It’s Not Babysitting if it’s Your Kid.

Last updated on June 5th, 2021 at 12:49 pm

Why the World Has Fatherhood WRONG.

It took me until we had our second child to feel like I was getting a handle on fatherhood, much of the awkwardness I’d had from those early days with our first son melted away as I just sprang into action the second time around.

But I’ll never forget what happened a few weeks into being a family of four when Sarah and I decided to do some grocery shopping with our newborn while our oldest was away at daycare.

How Manulife Can Cover Me — Why Life Insurance is SO IMPORTANT — Newborn Little Man in His Carseat

Grocery shopping as new parents is always easier when you have two or more people do it together, because trying to manage a baby and shopping cart on your own ain’t easy!

(Putting a car seat on top of a shopping cart is a no-no, so how do you carry you baby and have room for your groceries, too? Do you get a second cart? Get a stroller with generous bottom basket like the Uppababy Vista and take smaller trips? You have to get very creative to make it work, but a parent’s gotta do what a parent’s gotta do.)

So, with two of us there to share the load, we decided to split up and have me walk our baby around the store for his nap while Sarah got everything we needed. And as I did a lap past the meat aisle, an older woman not much lighter in complexion than myself decided to strike up conversation about my baby and me.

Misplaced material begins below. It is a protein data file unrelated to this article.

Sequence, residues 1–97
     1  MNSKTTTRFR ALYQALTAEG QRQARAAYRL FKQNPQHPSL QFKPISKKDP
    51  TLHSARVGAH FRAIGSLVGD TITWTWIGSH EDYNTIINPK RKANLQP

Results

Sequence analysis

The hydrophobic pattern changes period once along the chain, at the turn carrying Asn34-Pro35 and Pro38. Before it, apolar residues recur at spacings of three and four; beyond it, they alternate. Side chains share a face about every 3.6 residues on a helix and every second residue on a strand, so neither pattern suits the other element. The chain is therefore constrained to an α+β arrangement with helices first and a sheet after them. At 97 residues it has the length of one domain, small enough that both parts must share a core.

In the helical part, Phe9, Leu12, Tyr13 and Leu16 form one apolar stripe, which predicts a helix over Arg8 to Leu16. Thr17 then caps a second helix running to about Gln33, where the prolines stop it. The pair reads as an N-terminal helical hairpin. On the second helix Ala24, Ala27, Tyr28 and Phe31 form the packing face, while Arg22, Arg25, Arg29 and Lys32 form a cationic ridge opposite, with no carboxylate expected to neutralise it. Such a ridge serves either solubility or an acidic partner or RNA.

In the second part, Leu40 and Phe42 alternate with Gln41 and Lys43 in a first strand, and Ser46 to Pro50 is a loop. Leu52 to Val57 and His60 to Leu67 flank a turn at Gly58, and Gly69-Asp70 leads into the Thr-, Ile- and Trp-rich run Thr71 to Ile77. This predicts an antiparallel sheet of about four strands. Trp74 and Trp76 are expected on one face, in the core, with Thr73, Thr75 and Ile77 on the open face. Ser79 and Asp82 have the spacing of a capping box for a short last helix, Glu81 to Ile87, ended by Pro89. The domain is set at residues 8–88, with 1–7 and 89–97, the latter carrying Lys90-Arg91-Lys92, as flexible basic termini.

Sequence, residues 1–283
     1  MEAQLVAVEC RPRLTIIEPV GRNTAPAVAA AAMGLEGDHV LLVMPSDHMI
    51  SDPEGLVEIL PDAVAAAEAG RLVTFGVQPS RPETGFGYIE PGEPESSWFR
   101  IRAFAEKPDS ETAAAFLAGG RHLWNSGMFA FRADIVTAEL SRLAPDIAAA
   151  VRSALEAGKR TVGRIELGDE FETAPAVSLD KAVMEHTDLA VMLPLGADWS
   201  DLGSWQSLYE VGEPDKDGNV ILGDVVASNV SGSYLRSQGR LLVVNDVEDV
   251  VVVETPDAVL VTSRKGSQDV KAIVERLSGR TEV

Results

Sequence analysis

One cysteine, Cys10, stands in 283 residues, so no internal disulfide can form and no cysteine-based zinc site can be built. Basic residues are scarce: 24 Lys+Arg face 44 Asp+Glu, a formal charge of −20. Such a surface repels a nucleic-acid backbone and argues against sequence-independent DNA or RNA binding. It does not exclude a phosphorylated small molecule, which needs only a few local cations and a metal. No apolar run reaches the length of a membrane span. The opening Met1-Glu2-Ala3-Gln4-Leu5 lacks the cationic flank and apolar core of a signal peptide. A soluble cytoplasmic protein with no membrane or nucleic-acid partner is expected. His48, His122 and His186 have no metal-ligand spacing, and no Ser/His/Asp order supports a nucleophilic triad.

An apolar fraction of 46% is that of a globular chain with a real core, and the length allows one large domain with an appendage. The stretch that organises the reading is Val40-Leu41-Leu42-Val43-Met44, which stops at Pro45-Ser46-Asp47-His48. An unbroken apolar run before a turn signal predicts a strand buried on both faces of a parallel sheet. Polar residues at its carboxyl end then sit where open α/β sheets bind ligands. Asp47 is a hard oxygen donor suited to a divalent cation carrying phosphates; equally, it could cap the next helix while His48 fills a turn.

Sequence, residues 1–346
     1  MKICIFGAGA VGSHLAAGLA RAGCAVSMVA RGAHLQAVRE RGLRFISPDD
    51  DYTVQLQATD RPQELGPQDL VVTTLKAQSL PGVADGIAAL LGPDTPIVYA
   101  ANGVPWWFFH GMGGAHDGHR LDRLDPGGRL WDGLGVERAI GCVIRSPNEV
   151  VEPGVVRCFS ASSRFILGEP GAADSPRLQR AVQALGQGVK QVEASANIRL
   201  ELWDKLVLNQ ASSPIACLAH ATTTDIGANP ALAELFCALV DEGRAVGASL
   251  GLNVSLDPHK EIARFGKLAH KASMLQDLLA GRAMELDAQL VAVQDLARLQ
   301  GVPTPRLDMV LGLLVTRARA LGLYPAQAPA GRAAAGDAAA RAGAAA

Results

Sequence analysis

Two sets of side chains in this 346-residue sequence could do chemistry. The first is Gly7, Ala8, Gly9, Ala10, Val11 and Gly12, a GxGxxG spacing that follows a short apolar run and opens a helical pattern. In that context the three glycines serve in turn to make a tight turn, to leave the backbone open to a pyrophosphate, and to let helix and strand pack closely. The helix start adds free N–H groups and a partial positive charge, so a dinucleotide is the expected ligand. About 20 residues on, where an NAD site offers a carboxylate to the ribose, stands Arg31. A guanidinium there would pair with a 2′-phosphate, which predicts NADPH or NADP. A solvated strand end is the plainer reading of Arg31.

“Awww—look at your baby! He’s so cute!”

“Thank you!”

“Oh, I miss those days—he looks so sweet while he sleeps!”

“Well, so far so good, anyway.”

“Where’s the mother? She let you take him out on your own?”

I’m sorry—what???

Your Parents are Real People… Just Like You!

Last updated on April 14th, 2021 at 01:41 am

Parenting is no joke.

Though I’m only 18 months into my parenting journey, I’ve already taken note of ways my behaviour’s impacting my impressionable little son. Like his surprise one Saturday morning upon waking up from a nap, finding me at the kitchen table instead of at my computer desk where I was evidently supposed to be. Or his understanding that I won’t give in to toddler terrorism—all the fussing and whining in the world won’t get me to give you a banana when you’re supposed to eat your dinner.

It’s stressful, knowing your behaviour and decisions will have very real consequences in shaping your child’s future; you spend most days winging it, tackling each new issue as best you can, knowing there’s no standardized textbook to guide you through the steps.

But the problems are far from new—the confusion, the worry, second-guessing your decisions… I wouldn’t be surprised if this was exactly what my parents felt when they raised me.